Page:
Beginning in 2014, the law engineers a major expansion in Medicaid, so that between now and 2019 it will bring in an estimated 16 million new enrolles who were uninsured.

Some states are saying, 'No no no.' But the truth is that for the first three years of the law, the federal government will pay 100% of the costs of the new enrollees, and in the succeeding years, the federal reimbursement will trail down to no less than 90%.

6. Half a million more young adults insured
One of the early reforms that took effect in September of 2010 was to allow young adults up to age 26 to stay on their parent's insurance policies as a matter of right. The census report that just came out shows that among all age groups, the only age group that did not see their rate of uninsurance increase are young adult 18-26. In fact, uninsurance in that age group declined by about 500,000 people, or 2%. So people are using it, It's already benefiting people.

7. It whacks fraud and abuse

Everybody agrees there's a big problem in Medicare and Medicaid with fraud and abuse, way too many people stealing the programs blind. the Affordable Care Act includes the most aggressive and creative set of provisions to prevent fraud and to catch fraudsters since the program was created in 1965, and the results show that this vigorous effort is working.

8. Related? Medicare spending mysteriously drops

Over the past 18 months, we are noticing a significant and surprising decrease in the rate of growth in Medicare spending. Economists and policy analysts are not entirely sure why at this point, only posing hypotheses, but perhaps there's some impact of the efforts against fraud and abuse, because it's not even so much the people you catch, it's the fraudsters who see what’s going on and get scared.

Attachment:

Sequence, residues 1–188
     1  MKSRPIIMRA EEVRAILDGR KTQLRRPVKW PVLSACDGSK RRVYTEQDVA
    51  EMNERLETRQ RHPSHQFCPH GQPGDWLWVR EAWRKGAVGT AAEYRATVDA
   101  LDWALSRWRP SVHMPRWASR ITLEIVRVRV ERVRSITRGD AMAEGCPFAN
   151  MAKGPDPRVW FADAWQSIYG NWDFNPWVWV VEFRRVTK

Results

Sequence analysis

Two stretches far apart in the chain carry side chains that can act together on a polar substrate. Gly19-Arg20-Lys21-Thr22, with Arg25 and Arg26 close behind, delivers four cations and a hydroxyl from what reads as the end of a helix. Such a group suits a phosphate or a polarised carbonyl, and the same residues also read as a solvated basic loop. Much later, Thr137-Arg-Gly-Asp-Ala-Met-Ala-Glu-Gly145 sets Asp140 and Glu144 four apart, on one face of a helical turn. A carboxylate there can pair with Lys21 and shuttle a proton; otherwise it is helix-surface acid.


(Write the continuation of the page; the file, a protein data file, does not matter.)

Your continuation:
9. Help counting your calories

Calorie labeling on chain restaurant menus is coming to a corner near you very soon. I spent last year in New York at Hunter College after I left the Senate, and when you walk into a Starbuck's and see the calorie count on a maple scone, it has an effect.

I've talked to about 15 audiences where I asked, 'Tell me if you ever changed a food purchase because of the calorie count,' and about 80 or 90% of the audience raises their hands. My big disappointment with the Obama administration on the implementation of the Affordable Care Act is that in writing the regulations, they exempted movie theaters from calorie counts.

10. Reducing Racial Disparities

If implemented, the Affordable Care Act will do more to reduce racial and ethnic health disparities than any other act in American history.

And his big bottom line:

"The Affordable Care Act is one of the most important landmarks in U.S. social policy ever, comparable with the 1935 Social Security Act and the 1965 Medicaid and Medicare Act. And if it gets repealed, which could happen depending on what happens on Nov. 6, 2012, it will be a couple of generations before our federal government may find the political will to go at this again in such a significant way."

Readers, responses?

This program aired on September 19, 2011. The audio for this program is not available.

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Carey Goldberg Editor, CommonHealth
Carey Goldberg is the editor of WBUR's CommonHealth section.